As you examine the swing of this particular player, you will notice that the lead arm is “soft” and the hands are close to this player’s head at the top. This is the classic narrow armswing to the top that most older players employ. And as we all know this position leaves yardage in the bag!

Now let’s look at the data so we can see what is actually happening…

At the top you can see that the shoulders have turned 100 degrees which is more than enough, but the arms look jammed and narrow at the top. Why?

The answer lies within the actions of the rear arm, the lead arm is only REACTING to the over-bending of the rear elbow. As you can see at the top the rear elbow is bent 60 degrees. In a perfect world, when the rear elbow is at 90 degrees (a right angle) or more, the lead arm will be mostly straight — depending on how you’re built.

Something to note…in this position the hands are just past the chest and the shoulders have turned almost 90 degrees. However, when this player finished his backswing, he added 30 more degrees of rear elbow bend and only 11 more degrees of shoulder turn! What this means is that for the last quarter of the backswing, all this player did is allow the hands to basically collapse to the top of the backswing. This move is less than efficient and will cause major issues in your downswing sequencing, as well as, your transitional action.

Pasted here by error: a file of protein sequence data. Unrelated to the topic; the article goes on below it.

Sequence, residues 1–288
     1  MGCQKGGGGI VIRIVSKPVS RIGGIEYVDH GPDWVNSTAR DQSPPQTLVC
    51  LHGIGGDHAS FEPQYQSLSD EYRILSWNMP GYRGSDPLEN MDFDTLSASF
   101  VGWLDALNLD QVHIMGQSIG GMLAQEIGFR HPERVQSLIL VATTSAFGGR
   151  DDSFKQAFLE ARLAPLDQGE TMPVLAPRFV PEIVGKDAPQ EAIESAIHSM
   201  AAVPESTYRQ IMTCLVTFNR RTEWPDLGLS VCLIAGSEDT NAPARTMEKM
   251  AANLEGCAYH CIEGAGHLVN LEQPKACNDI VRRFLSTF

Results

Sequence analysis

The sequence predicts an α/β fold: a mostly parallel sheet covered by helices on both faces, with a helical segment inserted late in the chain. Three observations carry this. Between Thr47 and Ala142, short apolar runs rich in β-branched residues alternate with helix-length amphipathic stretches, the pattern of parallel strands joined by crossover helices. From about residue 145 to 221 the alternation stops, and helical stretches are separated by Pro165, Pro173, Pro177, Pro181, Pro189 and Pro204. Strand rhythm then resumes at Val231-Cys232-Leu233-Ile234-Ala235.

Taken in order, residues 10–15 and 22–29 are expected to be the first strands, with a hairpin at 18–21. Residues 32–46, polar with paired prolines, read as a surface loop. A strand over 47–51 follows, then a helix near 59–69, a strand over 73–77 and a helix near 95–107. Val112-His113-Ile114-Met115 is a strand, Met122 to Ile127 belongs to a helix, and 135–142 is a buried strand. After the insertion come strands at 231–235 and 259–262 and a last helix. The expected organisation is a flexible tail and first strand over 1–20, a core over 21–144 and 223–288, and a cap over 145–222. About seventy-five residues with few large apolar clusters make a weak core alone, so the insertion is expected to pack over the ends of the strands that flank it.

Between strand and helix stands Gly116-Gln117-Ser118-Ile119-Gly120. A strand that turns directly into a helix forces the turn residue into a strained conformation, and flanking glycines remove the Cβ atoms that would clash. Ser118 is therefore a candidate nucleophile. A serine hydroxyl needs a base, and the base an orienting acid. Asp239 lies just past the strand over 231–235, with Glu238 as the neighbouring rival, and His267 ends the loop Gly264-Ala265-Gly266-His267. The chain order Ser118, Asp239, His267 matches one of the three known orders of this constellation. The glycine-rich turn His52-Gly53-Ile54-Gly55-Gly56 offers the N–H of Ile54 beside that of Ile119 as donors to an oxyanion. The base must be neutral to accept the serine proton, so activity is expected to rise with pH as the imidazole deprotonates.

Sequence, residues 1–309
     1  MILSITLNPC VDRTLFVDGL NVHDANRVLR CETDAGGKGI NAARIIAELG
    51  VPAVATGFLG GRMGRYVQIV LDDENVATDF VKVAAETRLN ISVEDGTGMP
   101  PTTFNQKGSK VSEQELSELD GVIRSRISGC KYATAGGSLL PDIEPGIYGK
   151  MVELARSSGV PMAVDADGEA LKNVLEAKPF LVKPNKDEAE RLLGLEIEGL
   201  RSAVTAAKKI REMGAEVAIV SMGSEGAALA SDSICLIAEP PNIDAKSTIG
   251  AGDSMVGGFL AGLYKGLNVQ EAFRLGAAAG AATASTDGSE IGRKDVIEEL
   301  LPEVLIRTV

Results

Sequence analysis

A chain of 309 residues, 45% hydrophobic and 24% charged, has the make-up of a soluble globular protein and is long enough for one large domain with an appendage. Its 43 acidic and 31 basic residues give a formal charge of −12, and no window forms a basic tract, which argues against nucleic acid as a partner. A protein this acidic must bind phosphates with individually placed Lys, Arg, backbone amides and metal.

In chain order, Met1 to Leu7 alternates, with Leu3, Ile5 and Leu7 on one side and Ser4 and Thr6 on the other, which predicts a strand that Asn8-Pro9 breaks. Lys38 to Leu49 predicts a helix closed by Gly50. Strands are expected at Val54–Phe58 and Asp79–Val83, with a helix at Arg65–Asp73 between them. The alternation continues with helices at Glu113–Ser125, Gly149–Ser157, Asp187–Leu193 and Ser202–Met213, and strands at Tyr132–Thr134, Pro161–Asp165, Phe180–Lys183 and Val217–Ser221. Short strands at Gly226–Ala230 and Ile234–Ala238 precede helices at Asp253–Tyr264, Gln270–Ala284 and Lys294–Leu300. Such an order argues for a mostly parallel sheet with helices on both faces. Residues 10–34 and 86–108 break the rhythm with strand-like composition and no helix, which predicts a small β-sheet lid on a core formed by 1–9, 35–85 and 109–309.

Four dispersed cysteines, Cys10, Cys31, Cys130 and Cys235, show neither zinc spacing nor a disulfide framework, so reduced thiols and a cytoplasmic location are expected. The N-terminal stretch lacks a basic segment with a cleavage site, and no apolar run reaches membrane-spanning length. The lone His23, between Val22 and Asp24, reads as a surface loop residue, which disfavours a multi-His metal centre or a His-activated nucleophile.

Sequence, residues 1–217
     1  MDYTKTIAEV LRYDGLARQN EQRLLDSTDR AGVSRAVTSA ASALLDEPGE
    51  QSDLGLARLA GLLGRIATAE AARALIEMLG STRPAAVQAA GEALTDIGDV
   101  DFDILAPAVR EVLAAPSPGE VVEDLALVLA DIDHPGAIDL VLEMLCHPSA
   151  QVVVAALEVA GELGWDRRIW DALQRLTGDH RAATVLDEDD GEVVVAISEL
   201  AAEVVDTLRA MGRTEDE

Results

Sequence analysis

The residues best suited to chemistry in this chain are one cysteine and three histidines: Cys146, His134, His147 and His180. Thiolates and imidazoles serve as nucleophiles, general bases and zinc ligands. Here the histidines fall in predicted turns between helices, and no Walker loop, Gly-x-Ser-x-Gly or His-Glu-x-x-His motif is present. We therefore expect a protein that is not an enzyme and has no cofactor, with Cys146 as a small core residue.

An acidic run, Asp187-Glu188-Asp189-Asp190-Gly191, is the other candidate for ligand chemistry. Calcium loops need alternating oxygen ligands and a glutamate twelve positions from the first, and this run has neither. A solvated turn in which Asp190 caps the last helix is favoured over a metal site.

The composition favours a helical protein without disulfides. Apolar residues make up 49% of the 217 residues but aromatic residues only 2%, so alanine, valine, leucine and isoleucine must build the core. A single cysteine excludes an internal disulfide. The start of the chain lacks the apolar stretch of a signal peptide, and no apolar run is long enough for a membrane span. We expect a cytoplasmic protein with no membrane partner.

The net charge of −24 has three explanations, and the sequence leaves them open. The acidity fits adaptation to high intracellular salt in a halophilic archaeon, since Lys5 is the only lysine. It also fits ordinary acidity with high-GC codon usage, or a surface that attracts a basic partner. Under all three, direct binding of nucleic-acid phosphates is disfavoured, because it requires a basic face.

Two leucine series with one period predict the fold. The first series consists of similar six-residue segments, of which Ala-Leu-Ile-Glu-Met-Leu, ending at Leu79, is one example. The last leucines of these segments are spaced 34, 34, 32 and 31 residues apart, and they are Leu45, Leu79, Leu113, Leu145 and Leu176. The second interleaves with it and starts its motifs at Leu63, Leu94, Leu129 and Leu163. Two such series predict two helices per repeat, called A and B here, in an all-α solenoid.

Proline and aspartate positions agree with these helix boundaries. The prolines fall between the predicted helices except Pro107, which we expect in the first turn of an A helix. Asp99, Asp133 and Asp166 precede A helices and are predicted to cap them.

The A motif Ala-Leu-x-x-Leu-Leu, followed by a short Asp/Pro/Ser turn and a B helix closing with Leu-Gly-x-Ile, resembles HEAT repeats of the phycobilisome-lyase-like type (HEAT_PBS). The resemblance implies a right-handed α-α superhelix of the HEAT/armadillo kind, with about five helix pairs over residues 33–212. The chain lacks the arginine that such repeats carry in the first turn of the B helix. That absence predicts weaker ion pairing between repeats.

As stated when your trail elbow stays at 90 degrees or wider in route to the top, you will have a much straighter lead arm.

One last thing to note when comparing these two players is that this player two had a shorter backswing length but a BIGGER shoulder turn with WIDER arms at the top, giving this player a short compact motion that resembles Adam Scott — which seems to work for he and Butch!

Therefore, the thing to remember is that if your lead arm is soft at the top and your arms look crowded at the top, then you must fix the over-bending of the rear elbow on the backswing. And if you have wider arms you will have a more solid “package” to become a ballstriking machine!